In my experience with creative non-fiction I’ve come across many techniques for delivery of information. What I think Ross McElwee has used is a sort of braided essay, albeit with some stray threads (ahem, Burt Reynolds). In Sherman’s March we originally start with Civil War Sherman and his rampage to the sea, but then we get slightly distracted when Ross is broken up with by his girlfriend for another man. It is then that McElwee begins his own sort of march through past relationships, new relationships, and possibly what’s wrong with his own inability to couple happily. We also gain such interiority from McElwee that is not usually seen in a normal documentary, he is unafraid to turn the camera on himself and be intimate with his audience, which I think is just another characteristic of creative non-fiction. Just on a side note, it seems so funny that McElwee builds himself on a man that is solely known for the destruction of his home region. Although, McElwee acknowledges that Sherman liked the South regardless, even had friends in Charlotte–so he does provide a certain complexity.
Koenig is very much in the same position that we all are as listeners, she’s in control of how the story is presented, but ultimately, the ending is completely independent of both author and listener. While we were discussing authorial intent we were critical of reality televisions and that they were not accurate in the way that they were being presented. Most agreed that their entertainment value outweighed the truths of both character and narrative. Well isn’t this true for creative non-fiction writers? To an extent the same applies to Didion and Thompson who are part of the stories that they are telling, they may, in some instances lead certain writers to change/manipulate their own lives for the benefit of their story or maybe something else…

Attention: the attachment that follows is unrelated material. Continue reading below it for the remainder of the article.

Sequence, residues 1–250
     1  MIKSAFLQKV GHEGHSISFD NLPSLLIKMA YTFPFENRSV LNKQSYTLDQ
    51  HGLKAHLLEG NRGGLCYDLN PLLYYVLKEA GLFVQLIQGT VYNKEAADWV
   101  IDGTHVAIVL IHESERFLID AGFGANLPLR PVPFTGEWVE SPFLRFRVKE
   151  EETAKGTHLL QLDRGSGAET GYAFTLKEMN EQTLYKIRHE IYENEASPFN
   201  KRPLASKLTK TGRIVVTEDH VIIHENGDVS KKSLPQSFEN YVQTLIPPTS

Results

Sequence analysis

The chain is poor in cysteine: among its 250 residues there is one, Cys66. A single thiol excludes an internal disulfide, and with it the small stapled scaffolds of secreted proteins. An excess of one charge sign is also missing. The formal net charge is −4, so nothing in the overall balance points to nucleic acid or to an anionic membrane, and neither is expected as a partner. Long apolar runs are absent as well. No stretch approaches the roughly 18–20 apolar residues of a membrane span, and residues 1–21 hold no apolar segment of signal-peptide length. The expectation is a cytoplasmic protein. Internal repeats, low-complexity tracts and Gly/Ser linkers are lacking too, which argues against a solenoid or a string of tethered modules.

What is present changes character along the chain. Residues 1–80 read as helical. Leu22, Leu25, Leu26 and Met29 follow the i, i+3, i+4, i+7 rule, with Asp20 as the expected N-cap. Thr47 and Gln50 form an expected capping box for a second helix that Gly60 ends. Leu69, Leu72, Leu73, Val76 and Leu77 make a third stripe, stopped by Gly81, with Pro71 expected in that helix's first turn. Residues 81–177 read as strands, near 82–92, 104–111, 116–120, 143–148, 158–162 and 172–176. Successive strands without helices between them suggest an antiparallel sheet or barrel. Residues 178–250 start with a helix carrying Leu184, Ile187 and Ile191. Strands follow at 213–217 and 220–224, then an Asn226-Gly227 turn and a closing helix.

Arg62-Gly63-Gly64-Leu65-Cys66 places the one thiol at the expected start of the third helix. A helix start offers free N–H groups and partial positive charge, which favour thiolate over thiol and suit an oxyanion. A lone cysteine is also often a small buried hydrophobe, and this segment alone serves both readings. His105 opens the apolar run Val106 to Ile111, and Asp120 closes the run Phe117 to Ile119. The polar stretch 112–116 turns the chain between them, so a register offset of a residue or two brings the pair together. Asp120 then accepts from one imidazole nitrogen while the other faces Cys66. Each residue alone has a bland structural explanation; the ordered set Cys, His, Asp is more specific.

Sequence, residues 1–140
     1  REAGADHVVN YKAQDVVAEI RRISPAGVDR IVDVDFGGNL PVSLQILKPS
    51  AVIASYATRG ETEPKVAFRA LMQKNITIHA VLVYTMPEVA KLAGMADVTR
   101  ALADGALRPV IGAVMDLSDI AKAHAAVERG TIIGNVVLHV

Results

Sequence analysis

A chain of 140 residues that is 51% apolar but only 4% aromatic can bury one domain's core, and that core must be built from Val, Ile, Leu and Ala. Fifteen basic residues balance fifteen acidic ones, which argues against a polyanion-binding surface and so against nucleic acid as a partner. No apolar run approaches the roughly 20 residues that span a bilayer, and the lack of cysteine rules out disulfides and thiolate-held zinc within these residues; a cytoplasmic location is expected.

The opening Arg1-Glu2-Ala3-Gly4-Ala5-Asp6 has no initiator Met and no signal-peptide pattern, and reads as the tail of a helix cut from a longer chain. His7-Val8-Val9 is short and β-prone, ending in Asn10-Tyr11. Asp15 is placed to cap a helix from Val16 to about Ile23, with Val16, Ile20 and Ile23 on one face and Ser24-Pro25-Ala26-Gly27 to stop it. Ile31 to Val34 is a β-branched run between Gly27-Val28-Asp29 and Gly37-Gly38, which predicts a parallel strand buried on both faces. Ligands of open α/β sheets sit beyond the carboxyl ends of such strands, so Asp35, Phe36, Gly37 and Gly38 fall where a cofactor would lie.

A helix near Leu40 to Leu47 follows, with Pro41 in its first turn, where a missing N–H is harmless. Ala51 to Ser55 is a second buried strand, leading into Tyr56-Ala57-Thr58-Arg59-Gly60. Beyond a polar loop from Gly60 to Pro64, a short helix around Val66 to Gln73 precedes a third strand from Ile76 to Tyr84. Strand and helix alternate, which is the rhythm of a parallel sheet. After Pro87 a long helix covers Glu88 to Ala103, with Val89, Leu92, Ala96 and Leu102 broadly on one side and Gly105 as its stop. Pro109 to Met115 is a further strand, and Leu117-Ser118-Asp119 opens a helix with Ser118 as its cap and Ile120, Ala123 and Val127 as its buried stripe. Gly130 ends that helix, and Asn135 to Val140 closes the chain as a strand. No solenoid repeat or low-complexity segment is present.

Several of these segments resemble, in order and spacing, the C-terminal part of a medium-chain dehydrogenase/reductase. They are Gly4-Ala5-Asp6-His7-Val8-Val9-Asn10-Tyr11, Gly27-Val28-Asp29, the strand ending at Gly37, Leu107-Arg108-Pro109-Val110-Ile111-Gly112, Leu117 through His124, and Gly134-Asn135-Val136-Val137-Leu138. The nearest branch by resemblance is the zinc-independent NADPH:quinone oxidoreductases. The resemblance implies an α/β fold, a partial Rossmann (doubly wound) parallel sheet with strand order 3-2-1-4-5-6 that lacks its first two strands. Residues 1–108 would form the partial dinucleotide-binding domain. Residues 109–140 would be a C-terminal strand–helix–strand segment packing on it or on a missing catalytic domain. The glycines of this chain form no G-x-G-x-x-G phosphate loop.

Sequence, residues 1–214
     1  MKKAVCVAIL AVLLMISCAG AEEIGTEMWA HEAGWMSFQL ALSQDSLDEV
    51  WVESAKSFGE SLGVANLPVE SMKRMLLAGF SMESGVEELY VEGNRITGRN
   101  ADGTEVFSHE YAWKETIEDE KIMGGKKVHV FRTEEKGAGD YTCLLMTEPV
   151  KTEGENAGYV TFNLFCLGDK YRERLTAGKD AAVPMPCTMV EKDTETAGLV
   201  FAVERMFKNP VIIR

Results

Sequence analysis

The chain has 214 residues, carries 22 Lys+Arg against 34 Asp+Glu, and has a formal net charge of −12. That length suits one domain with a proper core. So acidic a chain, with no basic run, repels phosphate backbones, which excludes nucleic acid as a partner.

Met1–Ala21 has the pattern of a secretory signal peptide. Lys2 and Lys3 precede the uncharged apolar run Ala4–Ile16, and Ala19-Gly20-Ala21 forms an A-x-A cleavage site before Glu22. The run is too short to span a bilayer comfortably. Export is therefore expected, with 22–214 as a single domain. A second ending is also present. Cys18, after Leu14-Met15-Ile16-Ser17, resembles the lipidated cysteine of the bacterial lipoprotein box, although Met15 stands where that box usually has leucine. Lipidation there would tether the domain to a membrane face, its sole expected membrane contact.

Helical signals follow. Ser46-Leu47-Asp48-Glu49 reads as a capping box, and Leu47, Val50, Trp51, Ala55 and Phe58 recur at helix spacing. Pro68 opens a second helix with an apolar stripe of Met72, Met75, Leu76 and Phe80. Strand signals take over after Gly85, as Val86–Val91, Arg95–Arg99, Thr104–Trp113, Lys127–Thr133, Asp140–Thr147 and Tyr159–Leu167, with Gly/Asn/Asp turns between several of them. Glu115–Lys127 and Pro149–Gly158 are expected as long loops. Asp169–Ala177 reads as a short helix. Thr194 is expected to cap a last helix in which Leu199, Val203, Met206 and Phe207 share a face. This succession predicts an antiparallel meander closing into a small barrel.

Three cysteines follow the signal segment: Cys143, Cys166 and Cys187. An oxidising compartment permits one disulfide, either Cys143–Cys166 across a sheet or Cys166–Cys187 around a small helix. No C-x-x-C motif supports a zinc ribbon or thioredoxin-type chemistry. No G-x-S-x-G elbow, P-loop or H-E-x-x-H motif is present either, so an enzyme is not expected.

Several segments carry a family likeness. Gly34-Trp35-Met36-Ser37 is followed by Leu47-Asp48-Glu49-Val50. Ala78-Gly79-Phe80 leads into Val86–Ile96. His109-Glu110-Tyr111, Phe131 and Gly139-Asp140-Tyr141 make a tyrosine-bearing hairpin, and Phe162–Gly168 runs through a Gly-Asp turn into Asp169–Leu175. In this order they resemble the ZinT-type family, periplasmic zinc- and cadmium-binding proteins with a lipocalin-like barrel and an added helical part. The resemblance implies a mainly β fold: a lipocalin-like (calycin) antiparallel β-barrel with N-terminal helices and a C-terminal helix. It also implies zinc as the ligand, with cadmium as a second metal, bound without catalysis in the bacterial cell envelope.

My kneejerk reaction to the statement “writers are always selling someone out” was based within the confines of John Wayne: A Love Song. In such an essay Didion sells herself out first by revealing how she has lived so long in awe of this man, but in the second part of the essay she breaks the cult of personality surrounding him, which would be considered by most to be not doing John Wayne a solid in the presentation of a now ill and cancer stricken Duke. Didion betrays the popular idea of Wayne in simply her humanization of him/added complexity—she doesn’t destroy, buy offers a grounded lens. Didion’s feelings that she is “selling out” by providing her own representation is complex; the selling out does not entail what most of us would consider—like a cheating husband, or not filing taxes—Didion’s selling out is mostly concerned with attention and involving herself in a subject’s life. A need to feel invisible is vital to Didion’s level of ability: ““My only advantage as a reporter is that I am so physically small, so temperamentally unobtrusive, and so neurotically inarticulate that people tend to forget that my presence runs counter to their best interests. And it always does”—her “advantage” allows her to see how people really are and in turn break preconceived notions of self or public perception.